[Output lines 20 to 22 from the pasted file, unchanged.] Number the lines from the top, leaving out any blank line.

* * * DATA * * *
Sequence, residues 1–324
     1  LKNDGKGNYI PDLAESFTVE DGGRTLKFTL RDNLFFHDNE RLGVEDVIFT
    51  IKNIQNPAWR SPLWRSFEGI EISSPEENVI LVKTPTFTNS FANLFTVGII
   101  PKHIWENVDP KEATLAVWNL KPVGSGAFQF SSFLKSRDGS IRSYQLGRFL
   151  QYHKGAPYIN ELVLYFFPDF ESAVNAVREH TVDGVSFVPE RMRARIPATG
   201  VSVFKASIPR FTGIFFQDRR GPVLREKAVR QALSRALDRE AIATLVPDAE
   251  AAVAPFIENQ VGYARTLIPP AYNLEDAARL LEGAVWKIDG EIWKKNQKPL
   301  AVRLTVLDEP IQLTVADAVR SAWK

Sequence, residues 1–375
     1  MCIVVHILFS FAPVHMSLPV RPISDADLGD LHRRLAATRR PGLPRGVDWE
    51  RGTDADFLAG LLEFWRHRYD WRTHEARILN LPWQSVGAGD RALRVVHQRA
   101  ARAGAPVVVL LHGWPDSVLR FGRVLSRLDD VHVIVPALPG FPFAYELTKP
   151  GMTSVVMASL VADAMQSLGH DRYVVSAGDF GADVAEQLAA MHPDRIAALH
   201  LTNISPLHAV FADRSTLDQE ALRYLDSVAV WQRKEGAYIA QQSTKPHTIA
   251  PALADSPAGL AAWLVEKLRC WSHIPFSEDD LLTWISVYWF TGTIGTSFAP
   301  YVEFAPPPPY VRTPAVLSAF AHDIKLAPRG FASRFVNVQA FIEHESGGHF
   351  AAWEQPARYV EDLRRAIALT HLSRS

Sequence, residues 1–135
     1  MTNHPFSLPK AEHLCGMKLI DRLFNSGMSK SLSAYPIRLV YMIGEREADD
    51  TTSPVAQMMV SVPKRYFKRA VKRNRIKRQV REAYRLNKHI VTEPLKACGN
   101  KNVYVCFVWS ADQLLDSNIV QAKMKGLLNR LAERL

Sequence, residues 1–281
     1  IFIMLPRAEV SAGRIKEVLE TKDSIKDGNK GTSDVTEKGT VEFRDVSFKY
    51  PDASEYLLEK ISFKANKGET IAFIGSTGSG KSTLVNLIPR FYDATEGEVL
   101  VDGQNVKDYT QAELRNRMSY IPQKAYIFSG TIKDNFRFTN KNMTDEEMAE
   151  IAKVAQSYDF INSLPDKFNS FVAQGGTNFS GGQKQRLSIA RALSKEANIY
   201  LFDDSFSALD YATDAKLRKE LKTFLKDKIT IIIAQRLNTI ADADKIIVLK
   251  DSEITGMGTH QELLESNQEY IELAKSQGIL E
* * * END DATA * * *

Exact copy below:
    51  TTSPVAQMMV SVPKRYFKRA VKRNRIKRQV REAYRLNKHI VTEPLKACGN
   101  KNVYVCFVWS ADQLLDSNIV QAKMKGLLNR LAERL

Sequence, residues 1–281